For that dear purpose, I have now proposed
Thou shouldst return; I pray thee, Marcius, do it;
And we shall meet again on nobler terms.

Cor. Till I have cleared my honor in your council,
And proved before them all, to thy confusion,
The falsehood of thy charge,- — as soon in battle
I would before thee fly, and howl for mercy,
As quit the station they've assigned me here !

Auf. Thou canst not hope acquittal from the Volscians.
Cor. I do:
nay, more, expect their

approbation, Their thanks. I will obtain them such a peace As thou durst never ask; a perfect union Of their whole nation with imperial Rome, In all her privileges, all her rights; By the just gods, I will! — What wouldst thou more? Auf. What would I more, proud Roman? This I would

If you

Fire the cursed forest, where these Roman wolves
Haunt and infest their nobler neighbors round them;
Extirpate from the bosom of this land
A false, perfidious people, who, beneath
The mask of freedom, are a combination
Against the liberty of human kind
The genuine seed of outlaws and of robbers.

Cor. The seed of gods ! — 'T is not for thee, vain boaster, —
'Tis not for such as thou, so often spared
By her victorious sword, — to speak of Rome
But with respect, and awful veneration.
Whate'er her blots, whate'er her giddy factions,
There is more virtue in one single year
Of Roman story, than your Volscian annals
Can boast through all their creeping, dark duration,

Auf. I thank thy rage : -- This full displays the traitor.
[Cor. Traitor! How now?
Auf. Ay, traitor, Marcius.
Cor. Marcius!

Auf. Ay, Marcius, Caius Marcius : dost thou think
I'll grace thee with that robbery, thy stolen name,
Coriolanus, in Corioli?
You lords, and heads of the state, perfidiously
He has betrayed your business, and given up,
For certain drops of salt, your city Rome, --,
I say, your city, - to his wife and mother;
Breaking his oath and resolution like
A twist of rotten silk; never admitting
Counsel of the war: but at his nurse's tears
He whined and roared away your victory;
That pages blushed at him, and men of heart
Looked wondering at each other.

Cor. Hearest thou, Mars?
Auf. Name not the god, thou boy of tears!

Cor. Measureless liar, thou hast made my heart
Too great for what contains it. Boy! O, slave!
Cut me to pieces, Volsces; men and lads,
Stain all your edges on me. Boy! False hound!
If

you have writ your annals true, 't is there,
That, like an eagle in a dove-cot, I
Fluttered

your

Volscians in Corioli.
Alone I did it. Boy!]— But let us part,
Lest

my rash hand should do a hasty deed My cooler thought forbids.

THE RESOLVE OF REGULUS,

195

Auf. I court
The worst thy sword can do; while thou from me
Hast nothing to expect but sore destruction.
Quit, then, this hostile camp: once more I tell thee,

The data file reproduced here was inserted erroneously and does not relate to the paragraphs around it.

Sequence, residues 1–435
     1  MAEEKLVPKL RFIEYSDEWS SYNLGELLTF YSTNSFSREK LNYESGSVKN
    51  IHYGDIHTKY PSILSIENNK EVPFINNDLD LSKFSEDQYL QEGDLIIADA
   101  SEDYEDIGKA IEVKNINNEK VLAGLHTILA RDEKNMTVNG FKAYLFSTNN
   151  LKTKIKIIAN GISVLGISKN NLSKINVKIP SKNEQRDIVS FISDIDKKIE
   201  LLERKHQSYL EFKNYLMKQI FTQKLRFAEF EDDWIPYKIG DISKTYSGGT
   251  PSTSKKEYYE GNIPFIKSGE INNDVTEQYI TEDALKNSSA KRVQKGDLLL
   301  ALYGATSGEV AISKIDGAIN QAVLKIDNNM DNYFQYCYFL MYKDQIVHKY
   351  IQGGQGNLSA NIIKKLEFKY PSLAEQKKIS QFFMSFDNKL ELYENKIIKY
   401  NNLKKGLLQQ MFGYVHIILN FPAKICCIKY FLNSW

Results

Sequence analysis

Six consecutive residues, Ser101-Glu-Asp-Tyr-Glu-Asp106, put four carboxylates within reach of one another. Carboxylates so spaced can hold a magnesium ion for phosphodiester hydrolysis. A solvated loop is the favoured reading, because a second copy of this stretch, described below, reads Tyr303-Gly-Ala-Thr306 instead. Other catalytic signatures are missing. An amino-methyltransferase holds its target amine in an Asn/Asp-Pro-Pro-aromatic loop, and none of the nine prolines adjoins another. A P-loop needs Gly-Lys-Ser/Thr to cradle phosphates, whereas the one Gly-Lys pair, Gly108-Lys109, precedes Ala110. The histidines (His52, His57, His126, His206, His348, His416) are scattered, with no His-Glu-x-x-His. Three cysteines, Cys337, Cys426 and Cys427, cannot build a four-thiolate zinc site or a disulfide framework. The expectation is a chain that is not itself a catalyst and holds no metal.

Thou art not here one single hour in safety.

[Cor. O that I had thee in the field,
With six Aufidiuses, or more thy tribe!
To use my lawful sword !

IV. - THE RESOLVE OF REGULUS. Bėg'ulus, a Roman consul, having been defeated in battle and taken prisoner

by the Carthaginians, was detained in captivity five years, and then sent on an embassy to Rome to solicit peace, under a promise that he would return to Cartbage if the proposals were rejected. These, it was thougbt, he would urge in order to obtain bis own liberty ; but he urged contrary and patriotis measures on his countrymen ; and then, having carried his point, resisted the persuasions of his friends to remain in Rome, and returned to Carthage, where a martyr's death awaited him. Some writers say that he was thrust into a cask covered over on the inside with iron spikes, and thus rolled down hill. The following scene presents Regulus just as he has made known to his friends in Rome his resolution to return to Carthage.

Enter REGULUS, followed by SERTORIUS. •
Sertorius. Stay, Roman, in pity!-- if not for thy life,
For the sake of thy country, thy children, thy wife.
Sent, not to urge war, but to lead Rome to peace,
Thy captors of Carthage vouchsafed thee release.
Thou return'st to encounter their anger, their

rage ; No mercy expect for thy fame or thy age!

Regulus. To my captors one pledge, and one only, I gave :
TO RETURN, though it were to walk into my grave !
No hope I extended, no promise I made,
Rome's Senate and people from war to dissuade.
If the vengeance of Carthage be stored for me now,
I have reaped no dishonor, have broken no vow.
Sert. They released thee, but dreamed not that thou wouldst

fulfill
A part that wouid leave thee a prisoner still ;
They hoped thy own danger would lead thee to sway
The councils of Rome a far different way;
Would induce thee to urge the conditions they crave,
If only thy freedom, thy life-blood, to save.
Thought shudders, the torment and woe to depict
Thy merciless foes have the heart to inflict !
Remain with us, Régʻulus ! do not go back!